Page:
Android market malware warning

The applications were illegitimate copies of legitimate developers’ apps that were injected with malware code.

An example was the Super Guitar Solo application, which contained the popular “rage against the cage” root exploit commonly used to “root” Android phones and gain super-user privileges.

Once somebody gains super-user rights, they will have full administrator level access to the phone’s operating system. In this case the exploit was launched without the owner’s consent.

“The application attempted to gather product ID, device type, language, country, and user ID among other things, and then upload the data to a remote server,” said Timothy Armstrong, Junior Malware Analyst at Kaspersky Lab.

“This discovery is important because up until now most of the Android malware has been found outside of the Android Market, which requires a number of special steps to be taken in order to infect the phones. In this case, users are even able to install from the Web with the new Android Market format.”

Kaspersky Lab experts analysed the Trojan inside the illegitimate apps in the Android Market and highlighted that it has been designed to be easily included in popular applications, uploaded onto the Market with misleading names and that it also had the ability to install other applications on the devices.

These traits hint at the way through which the author was planning to monetise the infections – deploying Adware or Advertising-supported apps on the device.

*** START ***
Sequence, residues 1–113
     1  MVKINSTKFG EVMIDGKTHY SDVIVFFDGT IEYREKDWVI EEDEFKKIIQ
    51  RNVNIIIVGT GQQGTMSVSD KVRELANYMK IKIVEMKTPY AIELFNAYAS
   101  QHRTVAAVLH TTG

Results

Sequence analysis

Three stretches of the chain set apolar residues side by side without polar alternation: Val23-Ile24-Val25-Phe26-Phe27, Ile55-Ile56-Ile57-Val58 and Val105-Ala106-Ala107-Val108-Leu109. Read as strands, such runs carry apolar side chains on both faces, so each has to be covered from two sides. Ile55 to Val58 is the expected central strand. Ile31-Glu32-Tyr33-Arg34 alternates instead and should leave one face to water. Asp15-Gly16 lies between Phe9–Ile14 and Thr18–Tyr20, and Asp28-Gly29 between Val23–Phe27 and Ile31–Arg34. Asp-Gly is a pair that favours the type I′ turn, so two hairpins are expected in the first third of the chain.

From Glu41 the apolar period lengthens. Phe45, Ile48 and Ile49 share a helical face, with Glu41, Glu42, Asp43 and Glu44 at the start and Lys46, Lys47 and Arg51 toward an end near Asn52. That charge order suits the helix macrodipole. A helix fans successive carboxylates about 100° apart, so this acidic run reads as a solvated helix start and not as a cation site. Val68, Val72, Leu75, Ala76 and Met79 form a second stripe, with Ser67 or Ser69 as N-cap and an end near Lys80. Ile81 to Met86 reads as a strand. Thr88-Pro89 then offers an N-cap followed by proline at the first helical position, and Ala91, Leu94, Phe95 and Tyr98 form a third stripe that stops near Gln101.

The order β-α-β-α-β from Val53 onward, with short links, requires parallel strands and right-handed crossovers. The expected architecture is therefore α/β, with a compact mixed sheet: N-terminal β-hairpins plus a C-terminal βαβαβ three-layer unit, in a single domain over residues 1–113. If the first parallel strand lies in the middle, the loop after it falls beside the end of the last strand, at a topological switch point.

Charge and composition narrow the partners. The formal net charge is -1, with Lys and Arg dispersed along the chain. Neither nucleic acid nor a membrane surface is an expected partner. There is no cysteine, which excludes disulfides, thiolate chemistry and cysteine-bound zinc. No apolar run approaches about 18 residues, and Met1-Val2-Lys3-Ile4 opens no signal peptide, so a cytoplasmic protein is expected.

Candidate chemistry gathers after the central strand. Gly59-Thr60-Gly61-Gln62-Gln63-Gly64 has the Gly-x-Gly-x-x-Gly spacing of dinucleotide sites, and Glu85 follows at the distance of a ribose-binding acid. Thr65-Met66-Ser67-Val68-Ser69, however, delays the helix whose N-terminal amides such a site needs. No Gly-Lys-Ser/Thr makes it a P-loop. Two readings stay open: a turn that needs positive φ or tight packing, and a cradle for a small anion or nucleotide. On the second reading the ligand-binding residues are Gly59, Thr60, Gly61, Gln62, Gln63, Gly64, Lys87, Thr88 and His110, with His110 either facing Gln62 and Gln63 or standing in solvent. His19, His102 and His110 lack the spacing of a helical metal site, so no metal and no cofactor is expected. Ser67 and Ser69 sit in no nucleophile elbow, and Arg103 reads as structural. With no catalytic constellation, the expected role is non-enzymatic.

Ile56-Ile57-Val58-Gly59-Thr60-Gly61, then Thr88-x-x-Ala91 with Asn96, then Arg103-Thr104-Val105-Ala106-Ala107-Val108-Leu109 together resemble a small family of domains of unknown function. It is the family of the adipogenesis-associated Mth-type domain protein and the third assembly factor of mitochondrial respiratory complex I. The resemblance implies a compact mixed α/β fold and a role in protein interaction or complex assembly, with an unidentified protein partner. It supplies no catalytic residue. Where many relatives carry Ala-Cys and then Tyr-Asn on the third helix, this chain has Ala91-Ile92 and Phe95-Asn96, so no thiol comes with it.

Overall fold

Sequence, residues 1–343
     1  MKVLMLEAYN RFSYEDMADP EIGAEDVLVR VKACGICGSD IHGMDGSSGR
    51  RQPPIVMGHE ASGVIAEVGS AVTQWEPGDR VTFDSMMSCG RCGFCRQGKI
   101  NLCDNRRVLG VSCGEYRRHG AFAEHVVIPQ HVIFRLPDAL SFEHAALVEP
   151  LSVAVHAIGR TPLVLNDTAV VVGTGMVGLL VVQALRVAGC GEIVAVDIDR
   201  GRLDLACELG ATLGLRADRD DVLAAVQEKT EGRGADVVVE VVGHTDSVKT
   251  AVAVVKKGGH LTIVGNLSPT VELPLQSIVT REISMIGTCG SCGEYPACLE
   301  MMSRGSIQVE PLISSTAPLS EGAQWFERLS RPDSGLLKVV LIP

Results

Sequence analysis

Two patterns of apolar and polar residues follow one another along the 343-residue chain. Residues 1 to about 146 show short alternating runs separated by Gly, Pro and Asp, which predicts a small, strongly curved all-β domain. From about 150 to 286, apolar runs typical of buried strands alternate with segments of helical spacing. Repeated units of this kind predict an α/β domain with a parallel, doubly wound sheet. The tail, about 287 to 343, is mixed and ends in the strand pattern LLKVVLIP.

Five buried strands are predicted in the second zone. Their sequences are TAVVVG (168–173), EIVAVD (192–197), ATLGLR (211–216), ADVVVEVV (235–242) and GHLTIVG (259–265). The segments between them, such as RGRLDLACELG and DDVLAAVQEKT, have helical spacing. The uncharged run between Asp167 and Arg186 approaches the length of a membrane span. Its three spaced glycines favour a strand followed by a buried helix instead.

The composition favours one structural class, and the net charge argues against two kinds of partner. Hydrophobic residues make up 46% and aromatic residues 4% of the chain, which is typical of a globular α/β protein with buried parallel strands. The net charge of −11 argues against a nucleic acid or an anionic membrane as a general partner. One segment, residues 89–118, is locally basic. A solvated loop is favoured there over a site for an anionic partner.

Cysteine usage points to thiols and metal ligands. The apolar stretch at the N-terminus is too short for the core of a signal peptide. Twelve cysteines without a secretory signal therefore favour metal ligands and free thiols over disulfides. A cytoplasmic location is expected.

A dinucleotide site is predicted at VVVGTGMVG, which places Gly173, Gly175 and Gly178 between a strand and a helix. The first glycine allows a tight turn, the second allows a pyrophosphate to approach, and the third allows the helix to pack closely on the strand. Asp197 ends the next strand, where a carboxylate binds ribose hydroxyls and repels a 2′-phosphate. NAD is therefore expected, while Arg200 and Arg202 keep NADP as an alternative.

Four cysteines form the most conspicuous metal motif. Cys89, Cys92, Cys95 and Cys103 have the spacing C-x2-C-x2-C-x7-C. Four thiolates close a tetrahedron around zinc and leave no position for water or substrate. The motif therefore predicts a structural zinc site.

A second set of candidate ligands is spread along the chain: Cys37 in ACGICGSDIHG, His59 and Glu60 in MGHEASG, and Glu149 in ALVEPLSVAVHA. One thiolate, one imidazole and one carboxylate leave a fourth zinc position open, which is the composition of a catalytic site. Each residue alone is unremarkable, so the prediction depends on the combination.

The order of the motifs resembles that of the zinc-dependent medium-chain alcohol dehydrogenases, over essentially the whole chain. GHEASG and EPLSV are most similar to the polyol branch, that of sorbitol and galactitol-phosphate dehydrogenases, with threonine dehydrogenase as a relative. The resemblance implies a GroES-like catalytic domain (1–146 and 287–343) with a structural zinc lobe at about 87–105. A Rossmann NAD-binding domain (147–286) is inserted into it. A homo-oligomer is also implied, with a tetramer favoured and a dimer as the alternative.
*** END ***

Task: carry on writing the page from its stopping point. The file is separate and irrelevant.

Adds Armstrong; “An update from Google shows that malicious apps and the corresponding download page from the Android Market were removed. At the same time, Google launched an application called ‘Android Market Security Tool March 2011’ for remote-removal of infected applications installed on smartphones. The main issue is that this new app does not fix the vulnerability; it simply removes the application known to be malicious.”

“Given the above, it is important to consider that these might not be the only live malware samples currently existing in the Android Market. In line with this, Kaspersky Lab strongly recommends that users always check all the permission requests that an application requests during installation and to always think twice before jail-breaking or rooting their smartphones,” concludes Armstrong.


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Android market malware warning